“We were very affected directly,” he said of Trump’s arrival. “There were many projects that were underway and others that were planned, and that stopped. Some were eliminated and others were on standby, and we will see what happens now.”

Cuban authorities say Trump imposed more than 200 measures against Cuba, accusing the island’s government of violating human rights, trampling on democracy and being responsible for a series of still-unexplained illnesses that affected U.S. and Canadian diplomats.

Biden represents hope for everyone,” Rigoberto Romero, owner of a carriage and nine horses who used to make a living catering to travelers Now, he waits at home taking care of his animals.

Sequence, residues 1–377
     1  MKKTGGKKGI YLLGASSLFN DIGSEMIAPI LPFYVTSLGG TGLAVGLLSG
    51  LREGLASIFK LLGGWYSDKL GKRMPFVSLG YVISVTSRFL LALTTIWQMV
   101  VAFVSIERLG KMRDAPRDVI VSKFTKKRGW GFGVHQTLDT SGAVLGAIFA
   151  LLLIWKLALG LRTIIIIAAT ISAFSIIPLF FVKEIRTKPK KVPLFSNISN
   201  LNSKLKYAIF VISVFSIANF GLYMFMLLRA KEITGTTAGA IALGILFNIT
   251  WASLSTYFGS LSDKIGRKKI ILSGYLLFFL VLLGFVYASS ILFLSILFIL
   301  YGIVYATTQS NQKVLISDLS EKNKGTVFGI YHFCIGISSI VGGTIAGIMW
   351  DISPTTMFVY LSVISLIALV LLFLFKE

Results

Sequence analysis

The Cuban leadership has lived through a series of openings and closings imposed by U.S. leaders since sanctions were first enacted some 60 years ago and tightened as Fidel Castro allied himself with the Soviet Bloc. Cuban leaders want the U.S. Congress to repeal the underlying laws that give presidents broad powers to impose such sanctions – though analysts say that’s highly unlikely under Biden.

For Cuban economist Omar Everleny Pérez, who is often critical of the government, policies that allow ties between local businesses and the U.S. “can only be shielded with greater economic interrelation, that is, more trade and investment.”

Back at the Clandestina shop in Old Havana, the partners are trying to keep their spirits up.

“We have survived the siege,” Fernández said.

“The energy is a little low, but it comes back,” she said. Already the little business has plans this month to present a collection of T-shirts in New York – an event coordinated almost entirely over WhatsApp, which began to expand after the government improved internet services in 2018.

Cuban official asks Biden’s gov’t to reconsider sanctions